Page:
After his son is murdered, Nels Coxman (Liam Neeson) - a snowplow driver in the ski resort of Kehoe - begins targeting the drug dealers he believes are responsible. But things get more complicated when Nels' actions spark a war between two rival gangs. With bodies dropping all over town and the cops closing in, will Nels get a shot at his ultimate target?
Based on "In Order of Disappearance" and directed by Hans Petter Moland (the director of In Order of Disappearance) comes an action/revenge thriller with a lot of dark humour. Now I know what you're thinking...Liam Neeson in an action/revenge thriller, this must be Taken 4. Well that's actually a lot further from the truth than it sounds. Which for one thing, means Cold Pursuit doesn't feature a really cool phone call scene. I'm not sure how that would go either; "I don't know who you are. I don't know what you want...I can tell you I don't have money. But what I do have are a very particular set of skills, skills that I have acquired over a very long career. Skills that make me a nightmare for...snow." Yep, in his latest role Liam Neeson is playing nothing more than a mountain man, one who drives a snowplow for a living and likes to hunt. There's no Jason Bourne style fights or secret identities here, and that's probably why it's so much fun.
Neeson's 'every-man' is kind of figuring it out this whole quest for revenge thing as he goes along - his method for disposing of bodies for example, he got from a crime novel. That and the fact he's pretty much oblivious to the consequences of his actions, as the state-wide criminal underworld implodes. Nels Coxman is simply a father who finds a way - albeit an extreme one - to deal with the grief of losing his son. But the character is very relatable in this way, how many victims of such a tragedy have at the very least considered this same path? And despite the fact that he essentially sets off on a killing spree, Nels is still very likeable, the main reason for which is that he never really loses his humanity, targeting only criminals, in ways that won't endanger innocent bystanders.
The way Moland blends the dark nature of the story with light humour is genius. You may not expect it, but Cold Pursuit conjures a lot of laughs, when I saw it people were still laughing as they left the cinema. Watching Nels utilise the tools of his trade during the course of his mission is both genius and hilarious. Not to mention the little moments, like when he shares a laugh with one of his targets - who mocks Nels for being old and tired - before unceremoniously executing him. Then there's the two drug gangs led by Viking (Tom Bateman in a scene stealing role) and White Bull (Tom Jackson), Jackson does stoic/controlled anger very well and Bateman is deliciously over-the-top evil as Viking, the man who is happy to sell drugs to anyone but loses his shit if someone gives his son junk food. They can't figure out why the violence is escalating and just because it's the easiest and most obvious answer they go to war with each other. The movie doesn't shy away from the fact that seeking revenge for the death of a son, simply leads to more dead sons.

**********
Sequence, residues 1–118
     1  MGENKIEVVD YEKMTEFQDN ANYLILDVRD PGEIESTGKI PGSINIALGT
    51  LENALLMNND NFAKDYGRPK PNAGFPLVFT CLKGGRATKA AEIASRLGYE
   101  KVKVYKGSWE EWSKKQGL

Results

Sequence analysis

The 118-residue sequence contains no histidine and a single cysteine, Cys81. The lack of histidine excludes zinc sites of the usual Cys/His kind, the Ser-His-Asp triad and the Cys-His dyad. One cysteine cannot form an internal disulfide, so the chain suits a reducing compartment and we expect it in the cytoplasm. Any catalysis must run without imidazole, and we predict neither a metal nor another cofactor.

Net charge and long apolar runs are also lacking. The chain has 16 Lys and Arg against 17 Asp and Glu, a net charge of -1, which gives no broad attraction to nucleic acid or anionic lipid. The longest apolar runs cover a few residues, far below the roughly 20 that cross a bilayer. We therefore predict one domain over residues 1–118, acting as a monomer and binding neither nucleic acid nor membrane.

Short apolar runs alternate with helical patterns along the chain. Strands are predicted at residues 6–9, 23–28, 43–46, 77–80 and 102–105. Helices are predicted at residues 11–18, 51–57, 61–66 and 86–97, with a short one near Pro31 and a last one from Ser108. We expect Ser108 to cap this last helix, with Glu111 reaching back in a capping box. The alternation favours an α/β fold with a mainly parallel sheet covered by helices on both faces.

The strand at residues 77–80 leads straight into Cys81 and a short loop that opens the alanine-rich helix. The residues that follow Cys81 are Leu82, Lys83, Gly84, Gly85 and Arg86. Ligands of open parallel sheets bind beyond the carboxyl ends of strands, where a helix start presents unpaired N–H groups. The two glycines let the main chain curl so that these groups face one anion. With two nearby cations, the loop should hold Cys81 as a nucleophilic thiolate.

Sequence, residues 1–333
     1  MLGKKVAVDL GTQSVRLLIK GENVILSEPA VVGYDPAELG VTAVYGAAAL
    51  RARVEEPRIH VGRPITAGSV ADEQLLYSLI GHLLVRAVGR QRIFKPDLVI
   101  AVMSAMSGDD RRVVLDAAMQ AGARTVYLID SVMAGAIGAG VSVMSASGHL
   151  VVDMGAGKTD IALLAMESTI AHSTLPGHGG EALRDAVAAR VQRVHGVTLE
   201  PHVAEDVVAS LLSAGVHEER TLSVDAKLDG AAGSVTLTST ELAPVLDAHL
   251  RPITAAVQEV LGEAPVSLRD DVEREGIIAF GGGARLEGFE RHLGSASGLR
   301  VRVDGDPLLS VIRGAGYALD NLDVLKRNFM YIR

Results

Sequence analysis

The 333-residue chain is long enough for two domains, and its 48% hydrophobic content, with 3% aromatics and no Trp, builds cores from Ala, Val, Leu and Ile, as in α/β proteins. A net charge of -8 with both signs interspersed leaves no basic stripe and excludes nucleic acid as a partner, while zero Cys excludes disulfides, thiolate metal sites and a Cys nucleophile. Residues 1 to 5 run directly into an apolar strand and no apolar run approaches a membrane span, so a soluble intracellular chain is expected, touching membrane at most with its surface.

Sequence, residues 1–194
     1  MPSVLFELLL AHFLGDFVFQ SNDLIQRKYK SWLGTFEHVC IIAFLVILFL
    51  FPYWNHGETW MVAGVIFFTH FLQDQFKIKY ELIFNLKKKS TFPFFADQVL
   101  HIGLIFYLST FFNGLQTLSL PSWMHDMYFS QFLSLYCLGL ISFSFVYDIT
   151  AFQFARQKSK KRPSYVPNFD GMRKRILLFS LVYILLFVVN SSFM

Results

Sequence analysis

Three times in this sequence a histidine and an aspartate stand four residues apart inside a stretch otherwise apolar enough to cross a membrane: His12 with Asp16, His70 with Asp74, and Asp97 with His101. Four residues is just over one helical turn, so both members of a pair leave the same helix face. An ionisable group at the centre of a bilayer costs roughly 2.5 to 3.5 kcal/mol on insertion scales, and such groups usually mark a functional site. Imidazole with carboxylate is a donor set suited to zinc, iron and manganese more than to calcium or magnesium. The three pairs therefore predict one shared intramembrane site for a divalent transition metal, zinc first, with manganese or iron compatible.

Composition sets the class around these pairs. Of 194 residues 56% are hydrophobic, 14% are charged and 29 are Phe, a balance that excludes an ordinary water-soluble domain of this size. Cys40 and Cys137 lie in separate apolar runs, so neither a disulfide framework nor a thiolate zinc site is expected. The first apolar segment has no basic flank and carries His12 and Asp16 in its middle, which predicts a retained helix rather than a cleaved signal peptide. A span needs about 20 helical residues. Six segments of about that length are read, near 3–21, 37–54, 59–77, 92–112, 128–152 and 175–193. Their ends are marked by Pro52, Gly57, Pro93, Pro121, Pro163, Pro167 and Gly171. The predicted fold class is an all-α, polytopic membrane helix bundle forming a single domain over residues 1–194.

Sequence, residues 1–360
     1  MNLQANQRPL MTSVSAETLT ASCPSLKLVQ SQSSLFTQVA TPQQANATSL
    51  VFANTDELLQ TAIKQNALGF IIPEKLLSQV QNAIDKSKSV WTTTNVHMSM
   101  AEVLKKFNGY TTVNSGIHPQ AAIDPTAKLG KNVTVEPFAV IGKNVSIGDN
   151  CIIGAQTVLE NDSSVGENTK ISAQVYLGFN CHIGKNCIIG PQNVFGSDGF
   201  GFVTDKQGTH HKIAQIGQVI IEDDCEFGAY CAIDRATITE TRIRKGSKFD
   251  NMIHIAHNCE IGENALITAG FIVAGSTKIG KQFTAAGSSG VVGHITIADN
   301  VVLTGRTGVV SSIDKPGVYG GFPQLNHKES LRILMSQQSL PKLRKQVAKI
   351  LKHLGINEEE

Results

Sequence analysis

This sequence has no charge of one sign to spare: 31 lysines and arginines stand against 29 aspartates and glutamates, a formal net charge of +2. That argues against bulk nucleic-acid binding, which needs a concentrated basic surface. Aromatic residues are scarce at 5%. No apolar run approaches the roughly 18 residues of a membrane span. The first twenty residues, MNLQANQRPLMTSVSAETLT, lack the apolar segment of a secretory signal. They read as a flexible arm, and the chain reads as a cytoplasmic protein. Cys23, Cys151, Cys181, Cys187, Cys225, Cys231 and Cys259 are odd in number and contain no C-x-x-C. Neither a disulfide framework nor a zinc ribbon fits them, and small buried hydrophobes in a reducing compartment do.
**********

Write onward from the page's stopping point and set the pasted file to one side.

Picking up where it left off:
If I had one complaint about Cold Pursuit, and unfortunately I do, it's that the female characters are given next to nothing to do. Laura Dern is totally wasted, her soul purpose is to be the loving wife turned grieving mother, that's it. Emmy Rossum's Kehoe cop looks to be a good investigator, but she never feels like a threat to Nels or his quest. You're more worried about one of the warring drug gangs getting to Nels, not the cops. And Julia Jones, her character 'Aya' is pretty fierce, it's good to see her standing up to 'Viking' - her ex-husband. She does get one great moment where she almost literally grabs the bull by its horns (or something a little more tender), but it's over in a flash. It's a shame to think that these tough, interesting characters were developed, with some fantastic actors cast to play them, and then were given little or nothing to do.
Cold Pursuit is a good old-fashioned revenge movie. One that will make you wince and cheer for the underdog all at the same time. And despite some shocking mis-management of the female characters - not to mention the tragic nature of the story - by the time you've finished watching it, the likelihood is you'll be laughing.
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